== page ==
Black women are often in the news for statistics that are negative, these numbers reflecting health care, education, and other disparities that disproportionately impact this segment. By contrast, a new study from the Center for American Progress, The State of Women of Color in the United States, illustrates the significant gains African-American women have made in the realm of business ownership.
Black-owned businesses make up the fastest-growing segment of women-owned businesses in America, according to the report. Plus, black women are starting businesses at a rate that is six-times that of the general population.
“Half of all African-American-owned businesses are owned by women, and among businesses owned by women of color, 42 percent are owned by African-American women,” wrote Farah Ahmad of theCenter for American Progress. “Businesses owned by African-American women have doubled their sales over the past decade and just this year have grossed revenues estimated to be around $45 billion. These successes have benefited not just African-American women and their families but also their communities and the U.S. economy as a whole.”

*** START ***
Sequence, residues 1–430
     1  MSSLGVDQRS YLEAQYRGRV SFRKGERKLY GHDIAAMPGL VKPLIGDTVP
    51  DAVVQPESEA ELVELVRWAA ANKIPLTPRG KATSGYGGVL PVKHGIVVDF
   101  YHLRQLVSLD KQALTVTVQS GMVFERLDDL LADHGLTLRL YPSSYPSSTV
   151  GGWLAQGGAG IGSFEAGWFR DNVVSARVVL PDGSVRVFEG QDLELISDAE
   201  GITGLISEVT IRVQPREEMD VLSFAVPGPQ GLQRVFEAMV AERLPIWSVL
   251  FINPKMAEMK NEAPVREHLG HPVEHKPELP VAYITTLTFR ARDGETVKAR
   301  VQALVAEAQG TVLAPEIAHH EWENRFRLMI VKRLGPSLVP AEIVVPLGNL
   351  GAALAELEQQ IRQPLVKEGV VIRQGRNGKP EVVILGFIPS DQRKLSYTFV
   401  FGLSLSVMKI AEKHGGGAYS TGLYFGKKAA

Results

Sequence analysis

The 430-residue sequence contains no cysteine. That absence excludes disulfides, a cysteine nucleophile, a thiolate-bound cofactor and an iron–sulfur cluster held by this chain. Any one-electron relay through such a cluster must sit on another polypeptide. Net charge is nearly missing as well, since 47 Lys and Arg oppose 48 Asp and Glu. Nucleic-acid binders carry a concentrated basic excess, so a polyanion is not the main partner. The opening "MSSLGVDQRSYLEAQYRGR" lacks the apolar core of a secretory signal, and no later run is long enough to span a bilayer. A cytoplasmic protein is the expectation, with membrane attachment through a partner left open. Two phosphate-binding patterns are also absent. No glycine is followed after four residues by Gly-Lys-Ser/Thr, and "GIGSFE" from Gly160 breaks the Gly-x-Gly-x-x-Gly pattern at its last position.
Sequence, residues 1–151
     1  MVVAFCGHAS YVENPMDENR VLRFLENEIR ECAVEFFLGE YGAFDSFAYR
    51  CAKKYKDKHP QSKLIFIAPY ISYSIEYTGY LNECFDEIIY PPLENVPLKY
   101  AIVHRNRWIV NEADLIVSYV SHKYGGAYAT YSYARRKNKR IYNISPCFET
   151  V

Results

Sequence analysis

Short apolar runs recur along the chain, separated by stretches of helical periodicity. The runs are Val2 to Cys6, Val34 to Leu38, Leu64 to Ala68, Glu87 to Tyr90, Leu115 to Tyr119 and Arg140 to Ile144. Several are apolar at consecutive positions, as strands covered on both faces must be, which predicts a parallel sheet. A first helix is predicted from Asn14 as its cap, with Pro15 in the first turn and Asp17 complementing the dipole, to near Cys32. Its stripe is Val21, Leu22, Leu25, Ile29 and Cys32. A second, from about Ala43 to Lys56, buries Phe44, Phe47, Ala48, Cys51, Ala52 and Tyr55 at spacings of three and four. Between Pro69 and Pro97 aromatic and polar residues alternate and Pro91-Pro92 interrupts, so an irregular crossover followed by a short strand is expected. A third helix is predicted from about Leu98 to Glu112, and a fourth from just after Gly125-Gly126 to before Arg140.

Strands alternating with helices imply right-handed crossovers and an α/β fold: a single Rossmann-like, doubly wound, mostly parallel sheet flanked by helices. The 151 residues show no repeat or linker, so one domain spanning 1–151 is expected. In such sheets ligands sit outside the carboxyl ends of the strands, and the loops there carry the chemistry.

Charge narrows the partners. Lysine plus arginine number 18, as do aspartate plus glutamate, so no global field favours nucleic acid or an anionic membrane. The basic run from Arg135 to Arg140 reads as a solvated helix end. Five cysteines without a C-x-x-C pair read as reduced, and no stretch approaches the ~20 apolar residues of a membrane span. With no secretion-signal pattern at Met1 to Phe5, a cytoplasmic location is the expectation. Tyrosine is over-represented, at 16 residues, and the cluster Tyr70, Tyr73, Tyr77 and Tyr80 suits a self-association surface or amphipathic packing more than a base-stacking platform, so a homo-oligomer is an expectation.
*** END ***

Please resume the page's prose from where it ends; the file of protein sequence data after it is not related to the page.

The need for greater opportunities
Ahmad points to these types of gains as crucial to developing economic opportunities for women of color, who will make up the majority of all American women in the coming years, but are lagging among personal financial security indicators. These factors include job training, educational attainment, and levels of family wealth.
Yet, 53.3 percent of wives are the breadwinners among married black households, meaning that the growth of black woman-owned businesses may be crucial to the fiscal well-being of the black community overall.
In addition, starting their own companies is a means for black women to avoid the barriers of the corporate world that prevent advancement.